County prosecutors announced Friday that they will not file criminal charges against Santa Ana Mayor Miguel Pulido over a property swap with a city auto parts supplier, sharply disputing previous findings that he might have committed felonies with his votes for contracts with the vendor.
Instead, District Attorney Tony Rackauckas’ office said in a report that $13,000 in fines from the state Fair Political Practices Commission — part of a settlement agreement ratified this week that included Pulido’s admission to six violations of the Political Reform Act — was the appropriate punishment for the 20-year mayor.
“We reached the conclusion that the filing of criminal charges was not warranted, but administrative charges and penalties are appropriate sanctions for unlawful conduct to which Mayor Pulido has admitted,” states the DA report, which was released late Friday afternoon ahead of a holiday weekend, a common tactic used by government agencies when they have to make controversial findings public.
The DA’s findings were widely expected as sources close to the investigation had said weeks ago that Pulido would not be charged. One source harshly criticized the DA’s approach to the investigation and corroborated statements from other sources that DA investigators never interviewed potential key witnesses at City Hall.
“If they had done a thorough investigation, that’s OK I can respect that,” the source said. “To say we’re not even going to do an investigation — they just stalled the whole thing out — to me that’s no good.”
The DA’s report disputed this, claiming that it had subpoenaed 9,201 pages in documents and interviewed numerous witnesses. However, the only witnesses named in the report are the targets of the investigation and the Santa Ana City Attorney.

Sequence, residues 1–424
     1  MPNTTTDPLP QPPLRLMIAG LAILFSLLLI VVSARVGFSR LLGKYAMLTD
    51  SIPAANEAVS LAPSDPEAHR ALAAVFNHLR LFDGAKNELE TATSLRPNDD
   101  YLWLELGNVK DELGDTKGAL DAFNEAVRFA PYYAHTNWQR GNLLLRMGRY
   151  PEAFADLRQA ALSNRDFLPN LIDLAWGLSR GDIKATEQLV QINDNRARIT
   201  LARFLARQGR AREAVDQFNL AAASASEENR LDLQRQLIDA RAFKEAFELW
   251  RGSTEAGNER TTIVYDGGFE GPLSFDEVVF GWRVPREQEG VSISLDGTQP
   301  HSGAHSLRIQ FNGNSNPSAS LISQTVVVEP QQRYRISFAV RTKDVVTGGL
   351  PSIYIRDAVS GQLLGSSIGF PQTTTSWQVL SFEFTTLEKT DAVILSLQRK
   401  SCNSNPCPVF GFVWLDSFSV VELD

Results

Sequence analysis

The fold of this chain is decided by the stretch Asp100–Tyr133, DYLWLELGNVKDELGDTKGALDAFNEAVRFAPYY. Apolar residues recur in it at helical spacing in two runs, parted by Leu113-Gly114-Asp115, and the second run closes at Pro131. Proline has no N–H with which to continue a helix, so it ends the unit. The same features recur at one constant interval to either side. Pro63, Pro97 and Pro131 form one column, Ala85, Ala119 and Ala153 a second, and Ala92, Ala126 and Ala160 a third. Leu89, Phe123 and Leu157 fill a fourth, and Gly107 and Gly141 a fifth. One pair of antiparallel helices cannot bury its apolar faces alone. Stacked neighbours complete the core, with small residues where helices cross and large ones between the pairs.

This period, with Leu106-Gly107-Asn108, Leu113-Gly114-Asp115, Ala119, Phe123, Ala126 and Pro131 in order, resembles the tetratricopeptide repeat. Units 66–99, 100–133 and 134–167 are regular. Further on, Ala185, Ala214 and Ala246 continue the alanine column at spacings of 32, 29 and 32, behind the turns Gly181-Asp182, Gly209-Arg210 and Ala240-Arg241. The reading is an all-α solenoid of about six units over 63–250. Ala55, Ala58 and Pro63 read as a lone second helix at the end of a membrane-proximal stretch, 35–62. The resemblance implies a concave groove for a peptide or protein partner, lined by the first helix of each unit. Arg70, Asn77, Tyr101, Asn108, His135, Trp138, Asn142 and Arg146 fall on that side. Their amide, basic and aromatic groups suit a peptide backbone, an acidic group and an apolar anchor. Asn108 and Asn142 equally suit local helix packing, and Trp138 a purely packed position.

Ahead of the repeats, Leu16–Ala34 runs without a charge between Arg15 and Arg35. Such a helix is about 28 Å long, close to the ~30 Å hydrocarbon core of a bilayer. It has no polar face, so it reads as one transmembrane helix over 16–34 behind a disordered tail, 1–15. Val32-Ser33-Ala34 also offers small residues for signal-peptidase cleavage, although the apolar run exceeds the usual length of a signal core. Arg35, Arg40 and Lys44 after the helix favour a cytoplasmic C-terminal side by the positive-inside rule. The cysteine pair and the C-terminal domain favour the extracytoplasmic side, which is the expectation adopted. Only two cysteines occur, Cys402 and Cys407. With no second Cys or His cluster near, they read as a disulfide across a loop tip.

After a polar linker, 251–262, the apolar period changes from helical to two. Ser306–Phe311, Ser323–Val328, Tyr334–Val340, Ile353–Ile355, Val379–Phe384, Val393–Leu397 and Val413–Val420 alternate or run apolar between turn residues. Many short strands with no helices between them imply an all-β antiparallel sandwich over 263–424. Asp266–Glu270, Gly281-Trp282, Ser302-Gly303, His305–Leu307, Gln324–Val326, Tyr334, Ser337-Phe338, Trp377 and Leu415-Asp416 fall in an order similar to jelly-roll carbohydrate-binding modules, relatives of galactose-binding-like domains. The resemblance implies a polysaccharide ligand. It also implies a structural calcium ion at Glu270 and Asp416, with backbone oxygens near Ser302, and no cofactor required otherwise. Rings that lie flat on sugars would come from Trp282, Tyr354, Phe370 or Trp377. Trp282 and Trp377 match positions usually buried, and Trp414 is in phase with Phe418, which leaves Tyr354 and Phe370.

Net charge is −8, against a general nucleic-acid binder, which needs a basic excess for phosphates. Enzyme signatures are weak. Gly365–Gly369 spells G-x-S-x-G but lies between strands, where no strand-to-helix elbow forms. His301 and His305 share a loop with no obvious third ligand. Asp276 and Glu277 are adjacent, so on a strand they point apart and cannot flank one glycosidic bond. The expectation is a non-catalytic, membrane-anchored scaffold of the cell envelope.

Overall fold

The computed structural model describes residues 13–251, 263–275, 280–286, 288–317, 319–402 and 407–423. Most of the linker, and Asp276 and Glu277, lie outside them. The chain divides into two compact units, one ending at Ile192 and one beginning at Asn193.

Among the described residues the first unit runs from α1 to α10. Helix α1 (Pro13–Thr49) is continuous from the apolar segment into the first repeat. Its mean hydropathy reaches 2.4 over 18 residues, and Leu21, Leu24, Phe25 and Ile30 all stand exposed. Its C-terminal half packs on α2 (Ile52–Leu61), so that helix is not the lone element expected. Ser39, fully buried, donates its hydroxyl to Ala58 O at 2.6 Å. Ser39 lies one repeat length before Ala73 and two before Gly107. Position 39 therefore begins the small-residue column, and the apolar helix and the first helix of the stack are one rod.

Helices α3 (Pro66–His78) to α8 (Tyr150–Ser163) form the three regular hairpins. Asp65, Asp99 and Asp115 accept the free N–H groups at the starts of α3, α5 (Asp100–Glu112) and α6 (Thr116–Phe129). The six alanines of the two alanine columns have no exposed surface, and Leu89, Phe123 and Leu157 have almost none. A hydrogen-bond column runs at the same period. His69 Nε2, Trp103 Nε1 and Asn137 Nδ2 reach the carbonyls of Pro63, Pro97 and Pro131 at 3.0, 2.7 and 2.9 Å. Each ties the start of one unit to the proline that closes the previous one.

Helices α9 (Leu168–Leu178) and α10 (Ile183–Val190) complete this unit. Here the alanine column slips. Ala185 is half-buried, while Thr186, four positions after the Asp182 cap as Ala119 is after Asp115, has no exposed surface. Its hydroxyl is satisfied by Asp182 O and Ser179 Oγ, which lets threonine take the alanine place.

In a statement sent to the media Friday, Pulido stated that he is “relieved.”
“After a lengthy investigation, I am happy that the DA’s conclusions of no wrongdoing were consistent with my understanding of the actions I took,” Pulido said.
The DA’s office launched its investigation after Voice of OC reported that Pulido and his family traded a parking they owned for a house in Westminster owned by Rupen James Akoubian, president of NAPA Orange County Auto Parts.
At the time of the swap, Akoubian and the Pulidos reported on sales deeds that both properties were worth $200,000. The county assessor’s office did its own appraisals and concluded that, while the parking lot was indeed worth the reported value, the fair market value of the house was actually $430,000.
In 2012, Pulido sold the house for $397,000, which based on the sales deeds meant he made a $197,000 profit. In between those transactions, Pulido cast two separate votes to award contracts to the vendor, including a $1.35 million no-bid contract to make NAPA Orange County Auto Parts the city’s exclusive car parts supplier.
Following the Voice of OC article, the city attorney’s office launched its own inquiry and concluded that Pulido’s votes for the contracts possibly constituted felony violations of the state’s conflict of interest code. The penalty for such crimes is time in state prison and disbarment from ever holding public office again.